Cameraman Mark Smith among the Adélie penguins of Cape Crozier.
For Frozen Planet, cameraman Mark Smith and producer Jeff Wilson spent 1,000 hours alone working among the Adélie penguins of Cape Crozier, Antarctica. This grueling and isolated shoot resulted in some of the most charming and unforgettable scenes from the series. The price: just a bit of their sanity (which they regained afterwards).
Filming in an ice cave beneath Antarctica's Mount Erebus.
Frozen Planet cameraman Gavin Thurston documents the bizarre and spectacular ice crystals that form in the ice caves beneath Antarctica's Mount Erebus. Thurston had to watch his back as he slowly moved from the cave with his bulky camera to avoid breaking the crystals.
Filming bison and wolves in the Canadian High Arctic.
Jeff Turner's camera fills up with snow while filming bison and wolves in Wood Buffalo National Park, Alberta Canada, in temperatures near -40°F — typical of mid-winter in the Arctic Circle. To get his shots, Turner hunkered down behind willow scrub, making as little noise and movement as possible. He spent three weeks on foot trying to sneak up on some of the wildest and most skittish bison in the world. One hundred yards is as close as he ever got. The super zoom lens allowed him to film the animals undisturbed — at least, until the snow covered the lens up entirely.
Filming killer whales close up in Antarctica's Ross Sea.
Lying belly down on Antarctic sea ice at the edge of a small hole, cameraman Jamie McPherson gets a surprise when a killer whale mother and calf explode out of the water in front of his face. "The only way to get underwater images of the killer whales was to hand hold a camera on a pole in the icy water, wait and hope," said Chadden Hunter, who took the photo. "As the orcas came up to breathe they would eye ball the crew with curiosity and spray oily breath all over their faces. To be on your stomach precariously perched on the edge of the ice with a killer whale staring down at you was simultaneously terrifying and awe-inspiring."
Filming beneath the Antarctic sea ice.
Cameramen Doug Anderson bolts a bespoke underwater tripod to the ice ceiling in Antarctica. "We were able to get extraordinarily stable, macro shots of theses amazing ice formations or ice chandeliers, which were inhabited by millions of tiny ice fish whose bodies were full of anti-freeze," said Hugh Miller, who took the photo and created the custom tripod in collaboration with Anderson. "Under ice diving is not for the faint-hearted — it is the most high-risk diving in the world. Our crew dived a record 110 times in one Antarctic season and spent hours under the ice capturing this magical world."
Filming killer whales from a boat in the Antarctic Peninsula.
"The orcas dwarfed the 15-foot zodiac and even started to wave wash the team while they were filming," recalls Robert Pitman, who took the photograph. While some orcas eat fish, these are mammal hunters. They kill seals by working as a team to generate large waves that wash them off ice floes. Others hunt minke whales by hunting them down and drowning them.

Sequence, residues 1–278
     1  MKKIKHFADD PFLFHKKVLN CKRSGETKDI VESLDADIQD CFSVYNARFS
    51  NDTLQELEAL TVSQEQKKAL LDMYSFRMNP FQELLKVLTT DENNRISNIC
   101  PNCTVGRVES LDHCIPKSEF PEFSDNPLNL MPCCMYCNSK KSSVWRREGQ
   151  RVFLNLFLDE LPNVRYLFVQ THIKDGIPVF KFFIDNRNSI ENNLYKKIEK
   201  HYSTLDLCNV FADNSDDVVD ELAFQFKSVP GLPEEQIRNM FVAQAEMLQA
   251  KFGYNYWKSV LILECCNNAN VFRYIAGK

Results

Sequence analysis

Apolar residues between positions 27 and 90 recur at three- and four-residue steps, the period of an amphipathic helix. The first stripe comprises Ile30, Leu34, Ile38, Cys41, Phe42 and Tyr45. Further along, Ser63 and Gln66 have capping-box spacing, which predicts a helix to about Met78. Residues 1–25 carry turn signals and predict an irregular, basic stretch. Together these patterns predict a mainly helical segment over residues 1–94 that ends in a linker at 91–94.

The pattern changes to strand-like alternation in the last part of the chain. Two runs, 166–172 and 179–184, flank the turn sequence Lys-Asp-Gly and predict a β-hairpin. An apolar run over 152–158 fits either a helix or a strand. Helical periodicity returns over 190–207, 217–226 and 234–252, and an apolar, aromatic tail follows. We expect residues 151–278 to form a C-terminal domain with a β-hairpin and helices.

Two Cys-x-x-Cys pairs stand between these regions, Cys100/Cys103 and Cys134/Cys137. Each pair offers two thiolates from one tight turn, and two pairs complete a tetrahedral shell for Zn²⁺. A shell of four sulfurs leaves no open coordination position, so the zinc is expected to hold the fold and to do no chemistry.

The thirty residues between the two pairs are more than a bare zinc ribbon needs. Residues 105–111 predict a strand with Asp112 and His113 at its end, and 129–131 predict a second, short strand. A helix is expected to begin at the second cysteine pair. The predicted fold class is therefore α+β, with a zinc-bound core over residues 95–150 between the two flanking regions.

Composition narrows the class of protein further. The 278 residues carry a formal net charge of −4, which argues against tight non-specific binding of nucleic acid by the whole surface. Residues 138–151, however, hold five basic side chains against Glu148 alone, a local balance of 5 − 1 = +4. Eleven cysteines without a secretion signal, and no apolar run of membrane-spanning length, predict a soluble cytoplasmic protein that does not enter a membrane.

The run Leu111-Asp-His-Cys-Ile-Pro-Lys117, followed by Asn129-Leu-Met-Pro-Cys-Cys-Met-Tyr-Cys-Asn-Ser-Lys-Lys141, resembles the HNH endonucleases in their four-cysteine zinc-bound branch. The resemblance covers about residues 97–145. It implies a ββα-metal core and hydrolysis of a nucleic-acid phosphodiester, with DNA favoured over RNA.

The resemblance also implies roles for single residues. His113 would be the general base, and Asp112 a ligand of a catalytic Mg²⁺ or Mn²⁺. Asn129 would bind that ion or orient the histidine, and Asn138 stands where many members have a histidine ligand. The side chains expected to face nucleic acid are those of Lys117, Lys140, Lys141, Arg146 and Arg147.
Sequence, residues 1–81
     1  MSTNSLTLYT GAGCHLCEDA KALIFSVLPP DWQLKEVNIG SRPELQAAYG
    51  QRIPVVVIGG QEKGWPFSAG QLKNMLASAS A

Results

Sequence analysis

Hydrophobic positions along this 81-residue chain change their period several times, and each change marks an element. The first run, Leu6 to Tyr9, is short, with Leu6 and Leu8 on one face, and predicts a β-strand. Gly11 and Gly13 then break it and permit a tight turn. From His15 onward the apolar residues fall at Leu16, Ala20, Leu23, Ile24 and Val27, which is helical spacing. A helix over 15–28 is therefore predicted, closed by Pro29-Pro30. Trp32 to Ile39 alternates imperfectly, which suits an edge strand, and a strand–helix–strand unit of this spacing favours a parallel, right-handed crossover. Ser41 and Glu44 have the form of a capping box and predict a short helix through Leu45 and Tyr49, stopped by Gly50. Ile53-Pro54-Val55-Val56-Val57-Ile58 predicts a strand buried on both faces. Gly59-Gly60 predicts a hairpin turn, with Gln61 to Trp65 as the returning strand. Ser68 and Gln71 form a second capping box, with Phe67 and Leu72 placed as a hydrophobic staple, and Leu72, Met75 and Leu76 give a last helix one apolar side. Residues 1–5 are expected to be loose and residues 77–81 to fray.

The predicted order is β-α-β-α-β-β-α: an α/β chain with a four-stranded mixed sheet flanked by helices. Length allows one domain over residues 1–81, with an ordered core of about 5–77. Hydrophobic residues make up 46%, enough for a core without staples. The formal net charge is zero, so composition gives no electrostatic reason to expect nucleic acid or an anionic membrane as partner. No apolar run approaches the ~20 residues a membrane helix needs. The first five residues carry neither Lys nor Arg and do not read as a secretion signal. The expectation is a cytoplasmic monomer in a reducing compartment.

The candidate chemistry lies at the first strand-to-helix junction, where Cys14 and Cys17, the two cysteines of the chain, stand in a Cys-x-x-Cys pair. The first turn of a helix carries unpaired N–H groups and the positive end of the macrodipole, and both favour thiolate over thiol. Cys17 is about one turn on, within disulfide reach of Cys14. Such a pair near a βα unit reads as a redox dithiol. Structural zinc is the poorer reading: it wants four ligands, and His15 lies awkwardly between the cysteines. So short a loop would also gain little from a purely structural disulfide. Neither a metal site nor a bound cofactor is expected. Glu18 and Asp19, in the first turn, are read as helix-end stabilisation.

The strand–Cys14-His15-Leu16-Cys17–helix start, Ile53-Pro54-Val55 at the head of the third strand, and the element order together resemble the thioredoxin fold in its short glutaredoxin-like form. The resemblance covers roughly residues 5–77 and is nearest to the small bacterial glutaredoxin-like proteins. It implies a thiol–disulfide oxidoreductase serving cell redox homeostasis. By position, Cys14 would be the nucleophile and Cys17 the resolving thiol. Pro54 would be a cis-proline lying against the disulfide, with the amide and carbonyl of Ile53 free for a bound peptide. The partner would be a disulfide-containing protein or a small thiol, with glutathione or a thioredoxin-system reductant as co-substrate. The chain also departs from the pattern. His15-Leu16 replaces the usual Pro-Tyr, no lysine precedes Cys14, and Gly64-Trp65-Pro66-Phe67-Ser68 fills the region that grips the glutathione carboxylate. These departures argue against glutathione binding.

Filming Kolya gathering eggs from a sheer cliff in Chukotka.
Cameraman Ted Giffords films Kolya collecting guillemot and gull eggs from a crumbling limestone cliff in Chukotka, Russian Far East. While Ted used a double rope system and a climbing harness, Kolya was suspended by a single thin nylon rope which he tied to his belt. This is a tried-and-tested technique although occasionally men do fall to their deaths.
Filming polar bears up close.
The Frozen Planet crew films a polar bear from a boat in the pack ice. "Frozen Planet is the first series to adapt a stabilized aerial camera and mount it to the front of boats," said John Aitchison, who took the photo. "This enabled the series to get close to polar bears in their melting summer ice world. It's impossible for conventional film crews to get so close."
Getting close to penguins at Cape Washington.
Frozen Planet filmmaker Didier Noirot inches closer and closer to emperor penguins on the sea ice at Cape Washington, Antarctica, where the penguins are returning to breed. "The team used a range of cameras to capture this spectacular moment, from a pole cam positioned just under the ice edge to a high speed camera above the ice," recalls Chadden Hunter, who took the photo. "The difficulty was predicting where exactly the penguins would emerge. The largest penguin on earth seemed completely unphased by Didier and was often keen to take a closer look at the cameras!"
Using a gyro-stabilized camera to film walrus hunters.
The Frozen Planet crew maneuvers a gyro-stabilized camera fitted to a crane attached to a boat on the Bering Sea off the coast of Chukotka in the Russian Far East. This system enabled the team to film steady shots of a team of hunters hunting walrus from open boats.
Filming emperor penguins underwater.
Cameraman Didier Noirot films emperor penguins underwater. The penguins are returning to breed at Cape Washington, Antarctica. The team used a ground-breaking high-speed underwater camera to capture the penguins' magical underwater ballet.
Filming Adélie penguins in a snowstorm.
Cameraman Mark Smith films Adélie penguins in early spring. Frequent snowstorms with winds of up to 95 miles per hour kept Mark and producer Jeff Wilson on their toes throughout their four months working alone at Cape Crozier, Antarctica. These un-seasonal snowstorms are spring's sucker punch. The water warms faster than the land and pulls cold air down from the continent. Entire penguin colonies can be killed by these savage storms because the penguins refuse to leave their eggs, even if they are completely covered in several feet of snow.